Utah Governor Spencer Cox recently signed two sweeping pieces of social media regulation into law, making Utah the first state to impose such measures. The laws, H.B. 311 and S.B. 152 require social media companies to obtain parental consent for minors to use their services and to verify the age of any Utah resident who creates a social media profile.
According to NBC News, the bills also prohibit social media companies from displaying ads to minors, showing minor accounts in search results, collecting information about minors, and integrating addictive technologies into social media apps used by minors. The laws impose a curfew on the use of social media for minors, locking them out of their social media accounts between 10:30 p.m. and 6:30 a.m. based on the location of a user’s device, unless adjusted with the consent of a parent.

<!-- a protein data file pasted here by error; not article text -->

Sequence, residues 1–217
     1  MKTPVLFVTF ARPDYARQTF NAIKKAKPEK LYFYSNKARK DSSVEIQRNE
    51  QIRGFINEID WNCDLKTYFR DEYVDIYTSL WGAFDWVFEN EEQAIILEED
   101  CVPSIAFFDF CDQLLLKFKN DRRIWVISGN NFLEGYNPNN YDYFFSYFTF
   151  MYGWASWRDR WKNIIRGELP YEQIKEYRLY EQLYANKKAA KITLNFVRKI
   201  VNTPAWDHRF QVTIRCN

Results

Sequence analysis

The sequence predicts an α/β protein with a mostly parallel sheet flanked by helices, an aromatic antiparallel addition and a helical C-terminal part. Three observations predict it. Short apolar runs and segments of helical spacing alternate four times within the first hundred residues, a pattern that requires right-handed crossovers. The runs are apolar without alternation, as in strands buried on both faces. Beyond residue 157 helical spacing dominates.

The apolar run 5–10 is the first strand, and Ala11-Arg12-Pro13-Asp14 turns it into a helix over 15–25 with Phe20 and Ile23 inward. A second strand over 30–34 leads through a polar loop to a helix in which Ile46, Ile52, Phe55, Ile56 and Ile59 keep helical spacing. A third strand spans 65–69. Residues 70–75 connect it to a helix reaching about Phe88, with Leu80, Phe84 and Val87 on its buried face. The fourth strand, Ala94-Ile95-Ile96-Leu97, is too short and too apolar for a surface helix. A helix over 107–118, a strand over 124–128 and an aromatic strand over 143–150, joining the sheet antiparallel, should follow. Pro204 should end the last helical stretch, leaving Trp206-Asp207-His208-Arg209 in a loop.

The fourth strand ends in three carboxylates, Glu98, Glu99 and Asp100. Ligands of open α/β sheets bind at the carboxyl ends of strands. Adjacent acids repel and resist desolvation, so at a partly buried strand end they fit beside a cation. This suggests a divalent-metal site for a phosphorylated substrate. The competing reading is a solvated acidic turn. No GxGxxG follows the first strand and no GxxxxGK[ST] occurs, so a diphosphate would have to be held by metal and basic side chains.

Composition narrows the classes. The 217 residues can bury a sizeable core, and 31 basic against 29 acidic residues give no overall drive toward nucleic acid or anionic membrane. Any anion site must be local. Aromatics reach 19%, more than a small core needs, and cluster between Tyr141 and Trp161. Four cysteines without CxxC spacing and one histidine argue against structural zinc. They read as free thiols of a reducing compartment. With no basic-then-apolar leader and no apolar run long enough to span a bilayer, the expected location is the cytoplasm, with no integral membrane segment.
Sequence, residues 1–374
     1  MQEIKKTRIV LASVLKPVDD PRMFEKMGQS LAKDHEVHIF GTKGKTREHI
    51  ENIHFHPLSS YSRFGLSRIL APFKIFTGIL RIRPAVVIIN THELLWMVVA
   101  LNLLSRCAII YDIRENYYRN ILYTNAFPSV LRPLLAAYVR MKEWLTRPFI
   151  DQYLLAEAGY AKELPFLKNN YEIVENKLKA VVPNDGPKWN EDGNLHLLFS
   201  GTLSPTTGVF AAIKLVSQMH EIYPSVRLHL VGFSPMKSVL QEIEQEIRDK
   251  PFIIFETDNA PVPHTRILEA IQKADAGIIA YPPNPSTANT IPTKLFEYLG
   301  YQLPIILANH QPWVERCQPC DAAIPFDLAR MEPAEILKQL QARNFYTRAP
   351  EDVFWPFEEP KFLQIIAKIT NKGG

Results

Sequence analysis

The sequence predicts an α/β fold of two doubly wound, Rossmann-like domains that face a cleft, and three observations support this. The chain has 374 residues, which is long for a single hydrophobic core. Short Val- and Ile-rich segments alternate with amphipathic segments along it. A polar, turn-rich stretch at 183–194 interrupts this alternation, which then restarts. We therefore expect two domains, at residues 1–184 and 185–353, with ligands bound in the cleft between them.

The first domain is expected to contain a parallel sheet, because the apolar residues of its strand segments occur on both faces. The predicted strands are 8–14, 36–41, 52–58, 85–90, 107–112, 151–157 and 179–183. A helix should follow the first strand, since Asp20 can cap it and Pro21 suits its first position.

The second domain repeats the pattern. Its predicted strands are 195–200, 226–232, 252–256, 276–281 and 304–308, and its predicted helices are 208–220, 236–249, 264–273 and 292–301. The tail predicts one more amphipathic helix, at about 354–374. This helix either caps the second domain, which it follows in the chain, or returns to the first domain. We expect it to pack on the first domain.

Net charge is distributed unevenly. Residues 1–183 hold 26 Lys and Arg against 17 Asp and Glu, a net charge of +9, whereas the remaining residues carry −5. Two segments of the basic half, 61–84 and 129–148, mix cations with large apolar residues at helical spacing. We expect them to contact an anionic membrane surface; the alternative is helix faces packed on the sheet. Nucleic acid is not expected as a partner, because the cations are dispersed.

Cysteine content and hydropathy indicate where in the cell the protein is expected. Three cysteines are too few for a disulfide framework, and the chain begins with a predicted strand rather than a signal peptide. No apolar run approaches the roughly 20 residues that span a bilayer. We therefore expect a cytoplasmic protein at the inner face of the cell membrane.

Social media platforms have until March 1, 2024, to comply with the laws, at which point they become punishable with potential civil and criminal penalties. Versions of the regulations are being considered in four other states and several federal proposals in Congress. The laws come amid ongoing debates about the impact of social media on young people’s mental health.
Sponsors of the legislation hope that Utah’s new laws serve as inspiration for other states or Congress. However, critics argue that the rules are a form of government overreach that will have effects outside the state’s borders, as social media companies will struggle to know who is or isn’t a full-time Utah resident.